Version control, for most developers, is an absolute must in any professional setting. Many developers would say as much for any development scenario, professional or otherwise. However, in the face of budgets, deadlines, learning curves, and just plain laziness, it’s tempting to forgo the effort for “more productive” efforts like the coding itself. Why spend the effort when chances are you won’t need any version of your code but the one you end up deploying? Version control is one of those things that you don’t need until you’re already regretting not having it.
For many developers and the blessed souls that work with them, this is a tired tune they’ve heard over and over again. If you’re in this category, feel free to skip to the challenges your developers are going to face. For the rest, the cowboy developers and corner-cutting budgeters:
Why Even Salesforce Needs Versioning
There are many, many, many articles in the wild detailing the why’s of version control. However, as with many Salesforce topics, things are a bit sparse. According to John Vogt of Salesforce, they are working on a native versioning system, but until then the only piece of literature that I’ve come across that touches on enterprise-level version control for distributed teams working on Salesforce and the trials and tribulations therein was a workflow from Atlassian, which is incomplete but very promising.
Now, the most common logic against versioning by new Salesforce developers is that every time a Salesforce developer hits the save button on the most widely-used Salesforce IDEs, that file gets saved into the Salesforce cloud, safe and sound. It’s tempting to rely on this behavior as a back-up plan for written code. This ignores the potential for the loss of previous versions of code. This is especially concerning in the world of VF/Apex coding, with all its quirks, gotchas, and constant evolution. A developer could go down a certain path for hours, thinking they’ve got the right solution for some function, only to find that it turns out the paradigm they’d planned for doesn’t work, or the release around the corner is going to render what their working on obsolete, or what have you. If they need to go back, but didn’t save the previous versions of their work, much more time will be spent making their way back. Even if the previous versions were saved somewhere, somehow, there will be too many to keep track of. Bottom line: cloud-stored code alone is not a backup contingency.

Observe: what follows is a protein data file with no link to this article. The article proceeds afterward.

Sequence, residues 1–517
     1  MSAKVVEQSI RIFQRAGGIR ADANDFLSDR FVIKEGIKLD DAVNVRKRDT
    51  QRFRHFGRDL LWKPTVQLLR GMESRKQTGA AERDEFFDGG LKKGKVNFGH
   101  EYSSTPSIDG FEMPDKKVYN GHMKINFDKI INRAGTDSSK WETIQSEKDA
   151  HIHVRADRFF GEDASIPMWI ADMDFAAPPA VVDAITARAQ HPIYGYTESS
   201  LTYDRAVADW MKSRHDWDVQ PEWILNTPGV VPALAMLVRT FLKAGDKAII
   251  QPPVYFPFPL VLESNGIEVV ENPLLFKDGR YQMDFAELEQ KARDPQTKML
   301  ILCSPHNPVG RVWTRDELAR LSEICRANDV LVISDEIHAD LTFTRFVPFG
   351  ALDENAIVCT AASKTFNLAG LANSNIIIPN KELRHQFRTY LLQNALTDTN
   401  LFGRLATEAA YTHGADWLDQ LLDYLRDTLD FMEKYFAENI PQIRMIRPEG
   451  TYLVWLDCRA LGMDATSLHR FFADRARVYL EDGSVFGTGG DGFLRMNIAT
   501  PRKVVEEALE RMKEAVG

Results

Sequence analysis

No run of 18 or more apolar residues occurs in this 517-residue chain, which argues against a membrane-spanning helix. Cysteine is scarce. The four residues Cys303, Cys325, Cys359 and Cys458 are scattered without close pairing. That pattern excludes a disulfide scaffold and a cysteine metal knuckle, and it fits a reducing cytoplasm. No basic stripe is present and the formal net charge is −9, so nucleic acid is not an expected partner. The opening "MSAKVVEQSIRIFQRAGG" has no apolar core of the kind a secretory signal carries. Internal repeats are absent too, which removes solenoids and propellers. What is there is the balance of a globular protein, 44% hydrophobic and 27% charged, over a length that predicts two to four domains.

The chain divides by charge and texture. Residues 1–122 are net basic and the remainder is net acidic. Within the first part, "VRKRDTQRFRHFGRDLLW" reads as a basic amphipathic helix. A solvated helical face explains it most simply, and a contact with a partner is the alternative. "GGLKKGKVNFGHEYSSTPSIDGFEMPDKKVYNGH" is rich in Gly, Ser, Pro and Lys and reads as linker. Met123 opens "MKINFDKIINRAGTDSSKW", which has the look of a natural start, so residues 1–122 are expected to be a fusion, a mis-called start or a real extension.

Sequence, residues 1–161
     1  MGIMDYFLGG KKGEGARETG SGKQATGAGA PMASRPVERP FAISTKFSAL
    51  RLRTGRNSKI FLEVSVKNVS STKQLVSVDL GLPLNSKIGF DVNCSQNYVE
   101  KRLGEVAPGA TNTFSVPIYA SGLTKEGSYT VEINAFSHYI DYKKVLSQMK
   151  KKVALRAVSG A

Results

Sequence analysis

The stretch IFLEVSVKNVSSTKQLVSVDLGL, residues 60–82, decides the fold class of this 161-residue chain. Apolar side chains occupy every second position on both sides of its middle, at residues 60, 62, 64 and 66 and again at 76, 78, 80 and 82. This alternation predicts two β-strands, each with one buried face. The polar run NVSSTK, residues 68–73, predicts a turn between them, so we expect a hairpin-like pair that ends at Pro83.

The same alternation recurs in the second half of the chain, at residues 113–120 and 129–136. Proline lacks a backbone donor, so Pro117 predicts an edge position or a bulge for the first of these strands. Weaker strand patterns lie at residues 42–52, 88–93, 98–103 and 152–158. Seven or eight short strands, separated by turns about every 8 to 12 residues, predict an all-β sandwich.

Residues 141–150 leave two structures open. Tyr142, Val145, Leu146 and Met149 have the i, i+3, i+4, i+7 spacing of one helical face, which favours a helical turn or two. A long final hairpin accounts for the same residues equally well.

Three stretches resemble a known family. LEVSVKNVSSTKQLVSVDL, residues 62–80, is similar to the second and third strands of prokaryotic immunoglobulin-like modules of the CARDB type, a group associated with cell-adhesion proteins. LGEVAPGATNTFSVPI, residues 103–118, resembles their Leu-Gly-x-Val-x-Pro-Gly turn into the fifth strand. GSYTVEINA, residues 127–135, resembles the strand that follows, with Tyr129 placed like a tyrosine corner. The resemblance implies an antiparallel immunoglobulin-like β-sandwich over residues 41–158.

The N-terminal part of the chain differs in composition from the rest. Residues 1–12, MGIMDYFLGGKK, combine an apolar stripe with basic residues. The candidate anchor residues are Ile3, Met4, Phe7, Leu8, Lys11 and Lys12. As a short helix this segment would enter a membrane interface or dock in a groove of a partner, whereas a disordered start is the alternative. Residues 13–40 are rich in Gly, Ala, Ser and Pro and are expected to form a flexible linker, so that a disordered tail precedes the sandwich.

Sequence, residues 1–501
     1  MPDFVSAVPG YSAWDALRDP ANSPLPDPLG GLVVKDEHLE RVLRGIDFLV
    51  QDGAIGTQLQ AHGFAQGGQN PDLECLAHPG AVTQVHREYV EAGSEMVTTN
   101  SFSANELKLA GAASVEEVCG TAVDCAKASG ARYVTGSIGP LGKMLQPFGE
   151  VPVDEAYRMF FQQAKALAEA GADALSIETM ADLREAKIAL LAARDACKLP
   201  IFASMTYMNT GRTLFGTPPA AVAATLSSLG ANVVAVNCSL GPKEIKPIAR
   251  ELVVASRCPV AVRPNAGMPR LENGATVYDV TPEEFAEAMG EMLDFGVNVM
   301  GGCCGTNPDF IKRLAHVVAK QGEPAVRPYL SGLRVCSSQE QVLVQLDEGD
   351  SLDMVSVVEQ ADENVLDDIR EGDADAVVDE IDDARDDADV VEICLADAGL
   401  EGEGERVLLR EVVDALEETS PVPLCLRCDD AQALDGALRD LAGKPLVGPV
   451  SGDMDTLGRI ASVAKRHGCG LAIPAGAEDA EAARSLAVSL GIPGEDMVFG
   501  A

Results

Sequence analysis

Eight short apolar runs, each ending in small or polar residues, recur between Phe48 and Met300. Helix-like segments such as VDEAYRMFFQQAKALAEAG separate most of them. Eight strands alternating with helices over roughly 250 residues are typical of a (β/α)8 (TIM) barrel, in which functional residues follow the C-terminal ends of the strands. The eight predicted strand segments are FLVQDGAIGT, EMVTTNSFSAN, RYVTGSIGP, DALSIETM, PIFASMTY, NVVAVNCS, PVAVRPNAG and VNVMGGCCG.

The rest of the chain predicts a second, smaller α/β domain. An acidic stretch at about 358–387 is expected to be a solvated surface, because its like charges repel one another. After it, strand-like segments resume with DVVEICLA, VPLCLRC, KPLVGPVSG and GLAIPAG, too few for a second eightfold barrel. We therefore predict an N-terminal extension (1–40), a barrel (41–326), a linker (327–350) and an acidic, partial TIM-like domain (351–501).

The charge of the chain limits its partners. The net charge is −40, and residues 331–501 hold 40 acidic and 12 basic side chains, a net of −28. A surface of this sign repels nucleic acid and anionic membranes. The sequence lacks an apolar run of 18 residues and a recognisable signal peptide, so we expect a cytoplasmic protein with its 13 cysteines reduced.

Salesforce Versioning Challenges
There are a several major hurdles in regards to versioning Salesforce, the core of which lies in the fact that typically, version control is designed for locally compiled applications. Salesforce, on the other hand, is compiled elsewhere and involves much more than just code in the form of XML metadata, thus:
1) Salesforce must be deployed in order to be compiled, and thus the compilation/deployment process must be intimately intertwined with the version control process. This can complicate things immensely.
2) If one is to utilize versioning to its fullest, one must include the metadata files, which often dwarf the Apex code base. Versioning the XML metadata files, however, can be a bit touch and go for the more C++/java-focused version control systems.
3) Some metadata (i.e. profiles, permission sets, and occasionally the package.xml) gets changed automatically on the server depending on the conditions of the compiling org.
4) If every file in the org is included in every branch, including every profile, workflow, page layout, email template, etc, it could take upwards of an hour or more to perform deployments. This just isn’t practical for daily development in 2015, and so:
5) You have to shorten your deployment/compiling time not having every file in every deployment/compilation, which means you can’t use the same project between branches, and every branch will have a different set of files. This is because the set of files in each Salesforce project must perfectly match the package.xml file. Ever write code that depends on stuff that isn’t even in your local project?
6) If anything is deleted, destructive changes must be deployed to every other org. This might be OK for deploying destructive changes to every developer on a branch, but what if you need to go backward, or you need to patch production mid-project? You can’t do that unless you delete anything that got introduced in the interim versions. Thus:
7) Every currently active version of the project, whether the current new version branch or issue branches, needs its own set of SDLC orgs (dev, QA, UAT, etc). Be ready for spinning up a lot of new one-off developer orgs and/or refreshing orgs from production.
Now, don’t let this list scare you. It makes versioning Salesforce a little more complicated than you may be used to, but remember what versioning means to your productivity and you’ll again be willing to take on this challenge. In the next article I’ll go over what we did to get our double-digit-sized team all synced up. Our approach used an article from Salesforce’s technical library as a basis for our versioning process. After some back and forth, we went with using TFS coupled with an Eclipse plug-in and its continuous integration capabilities to coincide with the Microsoft tools already in use, and I’ll cover this process as well.